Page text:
Sunday, September 14, 2014

Shorts report for September 14, 2014

Somebody at TCM has decided to be nice to us by having all the shorts listed on the schedule for a good week in advnace. Not only that, but it looks as though there are going to be quite a few shorts coming up this week. As always when I mention upcoming shorts, though, I'll only be mentioning stuff coming up in the next 36 hours or so.

We start off with One For the Book at 7:40 PM tonight, just after With Six You Get Eggroll (6:00 PM, 95 min plus an intro/outro from Ben Mankiewicz). This short from 1940 has characters stepping out of books and performing musical and comedy numbers. It sounds somewhat familiar, although I also seem to remember a similar short that has characters in a toy room doing their thing. This one has a young Betty Hutton as Cinderella doing a couple of songs.

John Nesbitt's Passing Parade teaches us about the dangers of gossip in Whispers, at 9:48 PM tonight, or some time after The Old Maid (8:00, 95 minutes plus an intro/outro). I don't think I've seen this particular entry, and to be honest, I prefer some of the other series from back then to the Passing Parade shorts.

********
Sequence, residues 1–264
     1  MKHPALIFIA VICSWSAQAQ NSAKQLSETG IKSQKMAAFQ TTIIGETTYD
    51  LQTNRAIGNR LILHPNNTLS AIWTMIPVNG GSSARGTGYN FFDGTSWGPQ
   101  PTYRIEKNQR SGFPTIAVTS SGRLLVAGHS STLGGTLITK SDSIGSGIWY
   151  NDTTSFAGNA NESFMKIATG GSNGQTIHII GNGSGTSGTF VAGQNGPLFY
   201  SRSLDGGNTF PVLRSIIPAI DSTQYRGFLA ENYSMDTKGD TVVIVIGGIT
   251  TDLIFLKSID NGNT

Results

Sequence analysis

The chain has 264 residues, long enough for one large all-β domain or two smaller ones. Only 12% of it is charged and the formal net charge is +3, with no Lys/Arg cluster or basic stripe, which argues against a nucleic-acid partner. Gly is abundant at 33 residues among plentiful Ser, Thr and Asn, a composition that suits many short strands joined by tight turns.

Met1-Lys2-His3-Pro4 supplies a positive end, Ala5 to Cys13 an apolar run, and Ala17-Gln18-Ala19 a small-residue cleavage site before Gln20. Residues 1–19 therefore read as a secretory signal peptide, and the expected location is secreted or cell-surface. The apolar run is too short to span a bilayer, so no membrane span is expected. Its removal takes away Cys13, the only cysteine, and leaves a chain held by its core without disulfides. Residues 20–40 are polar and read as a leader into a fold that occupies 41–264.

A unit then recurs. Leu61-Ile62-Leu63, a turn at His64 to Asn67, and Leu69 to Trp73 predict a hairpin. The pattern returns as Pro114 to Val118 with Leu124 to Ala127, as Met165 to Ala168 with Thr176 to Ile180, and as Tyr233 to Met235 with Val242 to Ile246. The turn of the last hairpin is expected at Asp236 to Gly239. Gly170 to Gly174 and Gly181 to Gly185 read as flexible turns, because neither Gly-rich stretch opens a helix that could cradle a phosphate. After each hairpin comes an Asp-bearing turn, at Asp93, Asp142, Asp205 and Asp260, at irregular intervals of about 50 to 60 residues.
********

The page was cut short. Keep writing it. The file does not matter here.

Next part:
One of the more interesting series involved golfer Bobby Jones, who made eight or nine back in the early 1930s trying to teach people how to be better golfers, in a series called How to Break 90. Technology has made that task quite a bit easier, of course, and that's part of what makes old shorts -- especially these, although a lot of others share the trait -- interesting: they can be a bit of a time capsule. Anyhow, Bobby Jones is going to be teaching us the downswing, tomorrow morning at 8:49 AM, or just after The Unholy Garden (7:30 AM, 75 min).

Finally, we get a 1930s era RKO short, which doesn't seem to happen too often. This one is Neptune Mysteries, part of something called the Struggle to Live series, and is on at 11:34 AM tomorrow morning, after When a Feller Needs a Friend (10:15 AM, 74 min). This short looks at life under the sea, specifically a female octopus and some sea snails. Underwater photography has come a long way in the intervening 80 years.

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